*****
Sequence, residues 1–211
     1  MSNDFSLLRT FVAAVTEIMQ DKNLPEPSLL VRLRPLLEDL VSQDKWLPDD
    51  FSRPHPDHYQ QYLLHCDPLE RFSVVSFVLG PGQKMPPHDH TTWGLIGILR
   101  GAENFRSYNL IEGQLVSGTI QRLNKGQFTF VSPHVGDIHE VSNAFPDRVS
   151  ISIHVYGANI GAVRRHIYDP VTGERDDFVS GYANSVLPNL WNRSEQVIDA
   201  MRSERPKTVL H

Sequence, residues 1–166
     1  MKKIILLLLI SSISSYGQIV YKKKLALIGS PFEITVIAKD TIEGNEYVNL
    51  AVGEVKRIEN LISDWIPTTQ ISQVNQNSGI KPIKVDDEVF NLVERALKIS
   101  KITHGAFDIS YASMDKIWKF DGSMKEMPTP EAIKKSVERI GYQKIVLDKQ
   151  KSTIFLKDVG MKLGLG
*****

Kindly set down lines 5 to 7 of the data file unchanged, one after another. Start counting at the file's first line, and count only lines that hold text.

   151  ISIHVYGANI GAVRRHIYDP VTGERDDFVS GYANSVLPNL WNRSEQVIDA
   201  MRSERPKTVL H

Sequence, residues 1–166